If you have been injured because of unsafe conditions at a location, you may have a premises liability case.
What is Premises Liability?
Premises liability law in Florida refers to the body of law in which a property owner or resident has a duty to maintain their premises in a safe condition so as to avoid injuring others.
Premises liability holds property owners and residents liable for injuries that occur on their property. The property owner and resident owe a duty to certain people on their property to maintain their premises in a reasonably safe condition. If the property owner or resident breaches this duty and failed to maintain the premises in a reasonably safe condition, and this breach is the direct cause of injures to another, then the property owner or resident is liable for damages as a result of those injuries caused by their failure to maintain their property in a reasonably safe condition.
What types of cases fall under Premises Liability?
Premises liability covers a wide range of case types, and it’s important when researching prospective lawyers to find an attorney with experience in the area that is most relevant to your claim. At Michles and Booth, we handle many types of premises liability cases including but not limited to:
- Slip and fall cases
- Staircase accidents
- Defective sidewalks, and/or manhole covers
- Insufficient security
What to do if injured?
Under Florida law, if you have been injured on someone’s property, the first place to look is to see if you are a person to whom a duty is owed.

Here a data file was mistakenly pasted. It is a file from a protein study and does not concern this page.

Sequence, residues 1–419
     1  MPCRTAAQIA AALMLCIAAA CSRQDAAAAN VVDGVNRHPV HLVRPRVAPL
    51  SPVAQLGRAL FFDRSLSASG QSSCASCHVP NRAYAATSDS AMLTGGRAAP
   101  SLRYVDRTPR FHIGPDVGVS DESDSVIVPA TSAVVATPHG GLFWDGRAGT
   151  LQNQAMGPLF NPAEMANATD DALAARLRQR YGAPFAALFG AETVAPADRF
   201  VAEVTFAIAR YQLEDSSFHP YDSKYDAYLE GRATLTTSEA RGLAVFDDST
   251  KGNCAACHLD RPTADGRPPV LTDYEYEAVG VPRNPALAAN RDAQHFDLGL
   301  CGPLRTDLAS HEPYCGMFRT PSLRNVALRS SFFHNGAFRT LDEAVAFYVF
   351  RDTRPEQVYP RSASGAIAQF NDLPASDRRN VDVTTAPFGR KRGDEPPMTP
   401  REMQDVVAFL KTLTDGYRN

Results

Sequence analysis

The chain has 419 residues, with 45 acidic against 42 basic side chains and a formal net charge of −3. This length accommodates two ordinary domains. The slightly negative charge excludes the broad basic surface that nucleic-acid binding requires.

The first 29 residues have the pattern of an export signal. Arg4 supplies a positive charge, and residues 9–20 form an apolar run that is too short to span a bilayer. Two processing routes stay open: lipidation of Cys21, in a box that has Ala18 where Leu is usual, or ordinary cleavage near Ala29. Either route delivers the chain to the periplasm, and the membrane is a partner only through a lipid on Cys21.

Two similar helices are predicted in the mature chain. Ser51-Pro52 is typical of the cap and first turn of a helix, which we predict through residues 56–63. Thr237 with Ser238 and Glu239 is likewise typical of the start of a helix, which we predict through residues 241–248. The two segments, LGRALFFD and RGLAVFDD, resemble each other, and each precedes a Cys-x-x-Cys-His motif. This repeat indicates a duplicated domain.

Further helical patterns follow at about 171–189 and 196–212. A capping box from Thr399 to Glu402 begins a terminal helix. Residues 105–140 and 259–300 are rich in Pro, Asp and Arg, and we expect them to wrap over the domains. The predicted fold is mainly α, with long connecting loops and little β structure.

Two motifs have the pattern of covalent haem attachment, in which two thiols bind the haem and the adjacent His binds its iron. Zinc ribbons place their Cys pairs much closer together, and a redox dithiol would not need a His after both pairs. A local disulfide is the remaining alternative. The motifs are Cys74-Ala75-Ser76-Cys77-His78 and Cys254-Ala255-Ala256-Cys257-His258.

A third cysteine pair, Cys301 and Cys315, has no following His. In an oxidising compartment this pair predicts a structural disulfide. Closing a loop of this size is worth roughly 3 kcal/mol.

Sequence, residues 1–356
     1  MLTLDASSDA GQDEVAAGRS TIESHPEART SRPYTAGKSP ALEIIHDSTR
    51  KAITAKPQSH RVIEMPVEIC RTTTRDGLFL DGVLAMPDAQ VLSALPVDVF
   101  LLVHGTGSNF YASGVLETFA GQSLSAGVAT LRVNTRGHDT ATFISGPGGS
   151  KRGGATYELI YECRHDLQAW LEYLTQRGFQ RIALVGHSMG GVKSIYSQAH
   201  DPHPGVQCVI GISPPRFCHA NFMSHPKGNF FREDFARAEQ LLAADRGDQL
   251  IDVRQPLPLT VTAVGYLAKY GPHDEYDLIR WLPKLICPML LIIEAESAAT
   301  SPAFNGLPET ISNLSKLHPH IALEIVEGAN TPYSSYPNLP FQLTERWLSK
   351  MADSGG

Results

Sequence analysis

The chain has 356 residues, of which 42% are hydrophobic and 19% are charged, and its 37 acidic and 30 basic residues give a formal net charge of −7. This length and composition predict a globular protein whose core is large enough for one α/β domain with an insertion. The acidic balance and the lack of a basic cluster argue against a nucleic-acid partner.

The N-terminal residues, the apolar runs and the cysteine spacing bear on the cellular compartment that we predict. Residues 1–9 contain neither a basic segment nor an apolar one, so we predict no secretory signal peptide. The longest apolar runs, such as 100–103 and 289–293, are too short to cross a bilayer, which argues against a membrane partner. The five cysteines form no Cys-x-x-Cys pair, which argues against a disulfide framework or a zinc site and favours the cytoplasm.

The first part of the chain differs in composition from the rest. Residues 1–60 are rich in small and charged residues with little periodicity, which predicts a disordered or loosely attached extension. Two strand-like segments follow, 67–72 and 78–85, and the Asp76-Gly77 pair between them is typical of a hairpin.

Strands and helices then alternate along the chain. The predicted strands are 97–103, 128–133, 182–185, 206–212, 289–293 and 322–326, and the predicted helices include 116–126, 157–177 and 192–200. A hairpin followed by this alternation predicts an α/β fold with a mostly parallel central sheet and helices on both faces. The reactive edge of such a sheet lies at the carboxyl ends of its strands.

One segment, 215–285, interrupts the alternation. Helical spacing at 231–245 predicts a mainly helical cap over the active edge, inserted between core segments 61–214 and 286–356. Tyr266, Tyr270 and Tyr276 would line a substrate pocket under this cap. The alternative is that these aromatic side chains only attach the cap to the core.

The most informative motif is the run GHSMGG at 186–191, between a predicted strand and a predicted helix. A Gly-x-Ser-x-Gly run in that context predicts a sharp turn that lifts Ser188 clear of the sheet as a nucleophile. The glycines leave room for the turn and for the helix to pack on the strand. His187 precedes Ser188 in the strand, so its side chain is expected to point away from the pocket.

In Florida, if you have been injured on someone’s property because of their failure to maintain their premises in a reasonably safe manner, you can file a claim against them for compensation of your medical bills and future care and treatment. The legal standard that is used and given to juries in Florida to decide a property owner or residents negligence in premises liability cases, under Florida Standard Jury Instructions, 401.20, is:
“whether the defendant negligently failed to maintain the premises in a reasonably safe condition, or the defendant negligently failed to correct a dangerous condition about which defendant either knew or should have known by the use of reasonable care or negligently failed to warn the Plaintiff of a dangerous condition about which Defendant had, or should have had, knowledge greater than that of Plaintiff and, if so, whether such negligence was a legal cause of loss, injury to or damage to Plaintiff”
What if I am a renter, who is responsible where a third party is injured when I am renting a property? Landlord or tenant?
The landlord is responsible for dangerous conditions existing on the premises and is also responsible if he/she exercises control over the operation of the tenant. However, the tenant is responsible for operations conducted on the premises, as well as for dangerous conditions while in possession of the premises.
What if I am a tenant renting from a landlord and I am injured on the property I am renting, who is responsible landlord and tenant?
Here are some areas where a landlord is responsible:
- A landlord has a duty to protect a tenant from reasonably foreseeable criminal conduct. T.W. v. Regal Trace, Ltd., 908 So.2d 499 (Fla. 4thDCA 2005.)
- A landlord can be liable for a child’s burns from hot water which was being carried from the stove by the grandmother, when the landlord failed to repair the hot water heater. The duty to provide hot water imposed by an ordinance created the duty when breached. Lifter v. Varnado, 480 So.2d 1336 (Fla. 3d DCA 1991).
- A landlord has a duty to deliver the premises in a safe condition and to make repairs of unsafe conditions upon notice of their existence by the tenant. Mansur v. Eubanks, 401 So.2d 1328 (Fla. 1981).
If you’ve been injured, get help!
If you or someone you know has been been injured due to someone’s failure to maintain their property in a reasonably safe manner, contact the Attorneys of Michles & Booth today for a FREE case evaluation.